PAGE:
The Packers would need to be able to run the ball and make things easier for Aaron Rodgers if the offense is going to put up points. They struggled mightily on the ground in the first meeting with Rodgers leading the team with 27 rushing yards and Benson adding 18. With a better rushing attack, the Packers should be able to do more offensively. 

    Defensively, the Packers should be able to match up well against the San Francisco 49ers offense. They have the talent at cornerback to shut down the 49ers receivers. If they can stop the run, they should be able to limit the effectiveness of Alex Smith, especially if they get pressure. 

    The key to this game would be to start the game fast, something the Packers haven't done well this season. The 49ers are tailor-made to play with a lead and have struggled this season when playing from behind.

    An early lead against the 49ers would be huge.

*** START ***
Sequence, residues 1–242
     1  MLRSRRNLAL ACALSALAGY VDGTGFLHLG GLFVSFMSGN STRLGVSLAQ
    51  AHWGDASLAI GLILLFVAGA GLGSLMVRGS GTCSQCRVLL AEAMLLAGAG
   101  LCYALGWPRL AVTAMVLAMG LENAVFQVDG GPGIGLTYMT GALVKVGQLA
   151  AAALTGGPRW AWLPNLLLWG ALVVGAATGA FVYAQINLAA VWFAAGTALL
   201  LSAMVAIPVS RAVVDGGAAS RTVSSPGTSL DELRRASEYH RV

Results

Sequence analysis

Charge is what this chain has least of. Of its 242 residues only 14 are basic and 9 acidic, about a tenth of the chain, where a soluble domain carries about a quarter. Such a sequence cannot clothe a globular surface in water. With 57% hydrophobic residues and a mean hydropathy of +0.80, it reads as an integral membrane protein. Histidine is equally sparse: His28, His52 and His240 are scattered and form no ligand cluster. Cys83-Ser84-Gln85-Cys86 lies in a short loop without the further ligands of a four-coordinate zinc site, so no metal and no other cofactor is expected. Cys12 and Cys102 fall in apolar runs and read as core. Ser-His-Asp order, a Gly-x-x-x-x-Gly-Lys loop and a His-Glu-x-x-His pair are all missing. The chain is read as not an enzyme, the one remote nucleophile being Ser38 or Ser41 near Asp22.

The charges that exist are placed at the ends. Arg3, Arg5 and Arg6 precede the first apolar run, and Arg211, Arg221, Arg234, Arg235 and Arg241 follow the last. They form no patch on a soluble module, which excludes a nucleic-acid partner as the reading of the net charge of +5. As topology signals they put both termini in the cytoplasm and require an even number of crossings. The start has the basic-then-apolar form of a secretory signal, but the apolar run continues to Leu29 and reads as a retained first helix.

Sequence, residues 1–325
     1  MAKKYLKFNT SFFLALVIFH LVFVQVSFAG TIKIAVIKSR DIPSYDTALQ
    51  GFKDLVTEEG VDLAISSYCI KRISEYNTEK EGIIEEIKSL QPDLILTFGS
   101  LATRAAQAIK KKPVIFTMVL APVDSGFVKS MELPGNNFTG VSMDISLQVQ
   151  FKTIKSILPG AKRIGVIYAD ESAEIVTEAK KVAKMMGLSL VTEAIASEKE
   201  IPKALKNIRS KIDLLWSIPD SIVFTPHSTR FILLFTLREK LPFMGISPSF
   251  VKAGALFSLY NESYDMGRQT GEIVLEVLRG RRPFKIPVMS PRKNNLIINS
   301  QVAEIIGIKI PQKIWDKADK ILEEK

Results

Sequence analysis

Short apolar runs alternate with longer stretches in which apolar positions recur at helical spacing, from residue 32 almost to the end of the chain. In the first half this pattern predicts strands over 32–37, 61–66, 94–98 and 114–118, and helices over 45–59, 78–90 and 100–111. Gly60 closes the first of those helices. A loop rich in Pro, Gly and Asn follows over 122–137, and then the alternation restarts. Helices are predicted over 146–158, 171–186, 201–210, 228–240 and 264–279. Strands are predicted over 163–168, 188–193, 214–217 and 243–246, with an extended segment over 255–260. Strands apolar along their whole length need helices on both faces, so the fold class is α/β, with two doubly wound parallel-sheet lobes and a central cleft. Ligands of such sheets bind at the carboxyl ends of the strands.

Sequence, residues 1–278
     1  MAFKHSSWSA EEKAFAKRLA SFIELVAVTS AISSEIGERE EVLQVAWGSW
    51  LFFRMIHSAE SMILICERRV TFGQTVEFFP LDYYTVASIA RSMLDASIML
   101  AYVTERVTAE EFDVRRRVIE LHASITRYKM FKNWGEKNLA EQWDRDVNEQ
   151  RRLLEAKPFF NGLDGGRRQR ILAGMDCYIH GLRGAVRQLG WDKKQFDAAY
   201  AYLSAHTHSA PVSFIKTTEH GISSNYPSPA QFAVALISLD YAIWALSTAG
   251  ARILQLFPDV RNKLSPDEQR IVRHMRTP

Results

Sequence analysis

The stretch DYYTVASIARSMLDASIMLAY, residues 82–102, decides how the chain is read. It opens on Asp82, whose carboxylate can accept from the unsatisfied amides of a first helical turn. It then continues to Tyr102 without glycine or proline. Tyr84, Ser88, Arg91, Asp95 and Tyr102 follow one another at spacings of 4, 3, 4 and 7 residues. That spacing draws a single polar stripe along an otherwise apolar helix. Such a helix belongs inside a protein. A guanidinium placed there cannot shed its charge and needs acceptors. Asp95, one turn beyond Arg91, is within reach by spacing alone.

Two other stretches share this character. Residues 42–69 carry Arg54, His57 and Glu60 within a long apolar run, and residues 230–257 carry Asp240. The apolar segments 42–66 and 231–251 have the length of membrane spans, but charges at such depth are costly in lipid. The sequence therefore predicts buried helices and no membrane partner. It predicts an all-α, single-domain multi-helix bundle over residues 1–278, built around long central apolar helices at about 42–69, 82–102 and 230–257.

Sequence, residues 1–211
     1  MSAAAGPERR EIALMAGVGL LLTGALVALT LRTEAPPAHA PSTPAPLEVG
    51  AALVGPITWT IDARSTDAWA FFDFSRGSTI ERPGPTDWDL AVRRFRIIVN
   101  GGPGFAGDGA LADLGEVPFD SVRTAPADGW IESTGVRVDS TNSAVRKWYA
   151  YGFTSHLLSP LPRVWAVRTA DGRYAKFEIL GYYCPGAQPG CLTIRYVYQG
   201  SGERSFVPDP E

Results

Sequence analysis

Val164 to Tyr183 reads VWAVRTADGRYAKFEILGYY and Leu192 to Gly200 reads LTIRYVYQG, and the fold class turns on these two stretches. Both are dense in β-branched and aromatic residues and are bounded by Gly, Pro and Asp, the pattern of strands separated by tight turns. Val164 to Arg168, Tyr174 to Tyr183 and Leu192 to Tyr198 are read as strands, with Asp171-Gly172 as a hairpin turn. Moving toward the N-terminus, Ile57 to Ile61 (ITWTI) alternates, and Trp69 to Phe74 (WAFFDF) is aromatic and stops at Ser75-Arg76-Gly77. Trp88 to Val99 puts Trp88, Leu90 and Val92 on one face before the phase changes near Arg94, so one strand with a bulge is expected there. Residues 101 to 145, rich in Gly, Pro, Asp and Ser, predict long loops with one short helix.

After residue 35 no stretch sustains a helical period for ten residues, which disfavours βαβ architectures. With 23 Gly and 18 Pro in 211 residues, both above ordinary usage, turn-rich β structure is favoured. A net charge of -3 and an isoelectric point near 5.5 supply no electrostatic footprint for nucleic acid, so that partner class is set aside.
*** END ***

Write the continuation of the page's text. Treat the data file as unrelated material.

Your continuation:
Chicago Bears

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    The rival Chicago Bears are 7-1 and looking like a legitimate threat in the NFC.

    Another playoff game would just add to the hatred and intensity of the rivalry. Before the teams can look forward to a playoff matchup, however, they play each other in Week 15.

    In the first matchup, the Packers looked like the better team from opening kickoff to the final seconds of the game. Many things have since changed and both teams look very different. The Bears defense has turned back time and is playing like a youthful bunch. Meanwhile, the Bears offense is in a nice rhythm and staying relatively healthy.

    As with any matchup with the Jay Cutler-led Bears, the key is stopping the run and forcing Cutler to beat them. He hasn't done so consistently in the past, often struggling against the Packers defense. Matt Forte is the big concern, whose impressive play has opened up the whole Bears offense.